[LMB] OT: Cars, independence, and haut bubbles
ravenclaweric at gmail.com
Sat Sep 4 02:02:39 BST 2021
I've taken many long car trips in the US. The longest I've ever done (the
big round-the-West trip I took when I went to Sasquan in Spokane) was about
I've traveled on busses, trains (I take the train out to California every
year for Christmas with my brother's family), airplanes and ferries (in
Norway). All have good and bad points.
Part of my problem with public transportation is that my state (Iowa) just
isn't well-served by public transport. American domestic airlines operate
on a "hub" system, and no airline hubs out of Des Moines, meaning that
service there is not-so-hot-so. Passenger trains are a bear to use if you
don't happen to live right close to them, and they don't go through or have
depots in Des Moines or other major Iowa cities. The railroad companies
much prefer handling freight, for perfectly good reasons.
Buses are, all too often, like a zoo on wheels, and are just as vulnerable
as automobiles are to our winter weather.
One thing I really like about driving (It does get lonely, I admit) is that
I can take side-trips. I've visited friends who lived near the routes I
was taking (Leslie Fish and L, Neil Smith) several times. I'm also not
confined to eating airline or railroad food, which is beastly expensive,
and I can sleep at night in a bed in a motel like a civilized person.
On Fri, Sep 3, 2021 at 4:21 PM WILLIAM A WENRICH <wawenri at msn.com> wrote:
> Part of the difference is size and attitude. The old saying that in the US
> a hundred years is a long time and a hundred miles is a short distance is
> true. I can’t get out of NM in a hundred miles. In Europe, they might go to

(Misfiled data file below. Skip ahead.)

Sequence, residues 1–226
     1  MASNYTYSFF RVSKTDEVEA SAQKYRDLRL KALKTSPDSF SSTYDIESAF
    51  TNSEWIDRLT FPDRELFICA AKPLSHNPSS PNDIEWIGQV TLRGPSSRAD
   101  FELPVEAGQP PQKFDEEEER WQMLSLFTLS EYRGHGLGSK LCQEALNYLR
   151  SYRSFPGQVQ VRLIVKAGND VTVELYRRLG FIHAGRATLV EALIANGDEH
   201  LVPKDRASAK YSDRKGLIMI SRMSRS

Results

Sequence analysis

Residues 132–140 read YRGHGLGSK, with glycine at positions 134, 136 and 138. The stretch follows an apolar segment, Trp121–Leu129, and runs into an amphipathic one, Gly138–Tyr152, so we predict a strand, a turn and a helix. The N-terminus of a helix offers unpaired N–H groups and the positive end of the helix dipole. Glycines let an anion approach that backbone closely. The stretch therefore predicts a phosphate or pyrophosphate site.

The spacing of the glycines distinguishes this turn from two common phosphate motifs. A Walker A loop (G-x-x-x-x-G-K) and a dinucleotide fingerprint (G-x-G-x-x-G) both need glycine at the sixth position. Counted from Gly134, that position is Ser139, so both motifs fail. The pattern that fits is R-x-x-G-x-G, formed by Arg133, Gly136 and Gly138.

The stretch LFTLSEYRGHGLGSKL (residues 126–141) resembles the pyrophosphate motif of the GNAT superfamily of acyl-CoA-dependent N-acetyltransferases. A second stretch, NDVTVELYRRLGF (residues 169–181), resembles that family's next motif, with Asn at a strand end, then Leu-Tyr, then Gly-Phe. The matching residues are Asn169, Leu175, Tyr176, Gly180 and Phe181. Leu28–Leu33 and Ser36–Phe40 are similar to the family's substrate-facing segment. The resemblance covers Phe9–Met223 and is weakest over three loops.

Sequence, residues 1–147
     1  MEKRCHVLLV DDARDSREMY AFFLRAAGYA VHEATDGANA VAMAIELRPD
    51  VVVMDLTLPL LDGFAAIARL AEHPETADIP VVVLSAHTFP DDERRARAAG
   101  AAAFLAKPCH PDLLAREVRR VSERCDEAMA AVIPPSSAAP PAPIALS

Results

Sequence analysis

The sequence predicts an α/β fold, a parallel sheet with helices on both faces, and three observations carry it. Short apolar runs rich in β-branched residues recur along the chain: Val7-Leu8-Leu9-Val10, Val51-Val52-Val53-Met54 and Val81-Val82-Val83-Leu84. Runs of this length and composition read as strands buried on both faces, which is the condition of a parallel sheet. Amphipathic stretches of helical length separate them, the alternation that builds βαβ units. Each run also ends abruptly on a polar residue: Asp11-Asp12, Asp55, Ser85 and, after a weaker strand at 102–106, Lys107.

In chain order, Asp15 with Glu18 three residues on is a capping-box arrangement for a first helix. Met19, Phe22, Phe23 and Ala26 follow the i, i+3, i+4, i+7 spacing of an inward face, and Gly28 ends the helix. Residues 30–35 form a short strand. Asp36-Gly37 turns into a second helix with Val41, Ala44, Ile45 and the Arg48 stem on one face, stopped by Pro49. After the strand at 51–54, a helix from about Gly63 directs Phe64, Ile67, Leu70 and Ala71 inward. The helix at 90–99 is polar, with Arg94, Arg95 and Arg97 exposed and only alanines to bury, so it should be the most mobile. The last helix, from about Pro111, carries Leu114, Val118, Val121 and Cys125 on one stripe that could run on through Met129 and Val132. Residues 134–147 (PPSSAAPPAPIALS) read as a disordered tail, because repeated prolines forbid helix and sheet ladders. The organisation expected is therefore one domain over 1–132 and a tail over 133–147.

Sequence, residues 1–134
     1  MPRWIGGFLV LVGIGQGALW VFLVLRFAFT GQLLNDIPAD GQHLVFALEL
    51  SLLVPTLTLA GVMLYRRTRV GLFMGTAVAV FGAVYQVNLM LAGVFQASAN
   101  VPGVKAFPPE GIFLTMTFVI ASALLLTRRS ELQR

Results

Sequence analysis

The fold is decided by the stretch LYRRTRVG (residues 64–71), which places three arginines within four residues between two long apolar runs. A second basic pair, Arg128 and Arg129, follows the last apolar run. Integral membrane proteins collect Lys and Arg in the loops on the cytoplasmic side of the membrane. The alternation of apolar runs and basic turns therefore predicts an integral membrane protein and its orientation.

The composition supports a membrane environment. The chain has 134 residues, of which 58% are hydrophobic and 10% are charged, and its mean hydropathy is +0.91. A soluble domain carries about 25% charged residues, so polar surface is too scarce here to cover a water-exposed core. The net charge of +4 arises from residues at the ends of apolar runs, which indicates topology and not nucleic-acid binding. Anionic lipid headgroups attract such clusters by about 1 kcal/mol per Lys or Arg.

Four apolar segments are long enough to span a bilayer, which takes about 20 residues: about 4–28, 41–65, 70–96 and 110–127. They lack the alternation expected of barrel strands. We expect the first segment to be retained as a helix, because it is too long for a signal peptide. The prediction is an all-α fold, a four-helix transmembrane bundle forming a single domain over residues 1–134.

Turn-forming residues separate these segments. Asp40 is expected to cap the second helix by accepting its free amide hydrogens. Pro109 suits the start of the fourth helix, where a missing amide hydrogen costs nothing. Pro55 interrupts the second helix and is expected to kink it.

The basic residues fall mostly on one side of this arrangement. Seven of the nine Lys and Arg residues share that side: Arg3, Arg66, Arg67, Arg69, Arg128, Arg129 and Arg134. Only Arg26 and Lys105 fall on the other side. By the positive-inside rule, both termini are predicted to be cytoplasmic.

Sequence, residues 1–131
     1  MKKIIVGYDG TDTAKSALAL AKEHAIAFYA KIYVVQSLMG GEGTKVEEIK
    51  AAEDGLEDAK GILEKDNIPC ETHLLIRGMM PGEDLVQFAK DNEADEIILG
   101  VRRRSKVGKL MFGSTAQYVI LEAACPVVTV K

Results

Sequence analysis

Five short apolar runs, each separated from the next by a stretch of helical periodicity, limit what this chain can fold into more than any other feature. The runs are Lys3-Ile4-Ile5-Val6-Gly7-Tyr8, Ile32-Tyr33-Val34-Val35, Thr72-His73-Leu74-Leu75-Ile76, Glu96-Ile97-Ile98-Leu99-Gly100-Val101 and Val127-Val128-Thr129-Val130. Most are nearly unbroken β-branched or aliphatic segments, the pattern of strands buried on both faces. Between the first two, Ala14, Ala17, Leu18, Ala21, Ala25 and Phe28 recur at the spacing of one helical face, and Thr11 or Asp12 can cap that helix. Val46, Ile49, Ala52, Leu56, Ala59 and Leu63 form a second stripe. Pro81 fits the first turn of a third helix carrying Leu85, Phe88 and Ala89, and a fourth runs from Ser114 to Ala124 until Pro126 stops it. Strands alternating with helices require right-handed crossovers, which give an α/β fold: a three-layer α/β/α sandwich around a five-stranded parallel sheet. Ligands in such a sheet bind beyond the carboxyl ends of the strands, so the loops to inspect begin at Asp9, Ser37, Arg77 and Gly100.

> three countries. Brian’s current job is in Santa Fe. When he can’t work
> from home, he has about a 180 mile round trip.
> The last mile problem may be greater here. I usually buy groceries by the
> week. The store I usually shop at is about a mile and a quarter away,
> walking distance, but I really can’t carry a full weeks worth of groceries.
> I pick up two of my granddaughters after school every day and It’s 8.7
> miles away.
> The bus schedule doesn’t permit commuting except in special cases.
> Albuquerque Rapid Transit even before COVID was years late, many millions
> over budget, and forced many small businesses along its route to close. (As
> I said this was even before COVID.) It only serves a small corridor. I
> doubt people will vote the money for extensions.
> William A Wenrich
> Christian, Husband, Father, Granddaddy, Son, & American. Here I am. I can
> do no other. God help me!
> From: Lois-Bujold <lois-bujold-bounces at lists.herald.co.uk> on behalf of
> Damien Sullivan <phoenix at mindstalk.net>
> Sent: Friday, September 3, 2021 11:00:16 AM
> To: Discussion of the works of Lois McMaster Bujold. <
> lois-bujold at lists.herald.co.uk>
> Subject: Re: [LMB] OT: Cars, independence, and haut bubbles
> On Fri, Sep 03, 2021 at 08:50:17AM -0400, Elizabeth Holden wrote:
> > > individual choices and the public sphere intersect.
> > tidsel said:
> > > Except in many cases one is dependent on another, and the individual >
> > choice is not really a choice.
> > Yes, exactly. Therein lies one of the problems.
> > Most people have chosen the individual car as a solution, albeit an
> Most American people. Less so in various other countries. Both choices
> shaped by the political choice to support cars (building wide roads and
> freeways, providing lots of cheap or free car parking, creating
> jaywalking laws, giving cars a free pass on pollution) or alternatives
> (public transit, traffic calming, safe bike paths, high gas taxes,
> market-based parking...)
> -xx- Damien X-)
> Lois-Bujold mailing list message sent to wawenri at msn.com
> Lois-Bujold at lists.herald.co.uk
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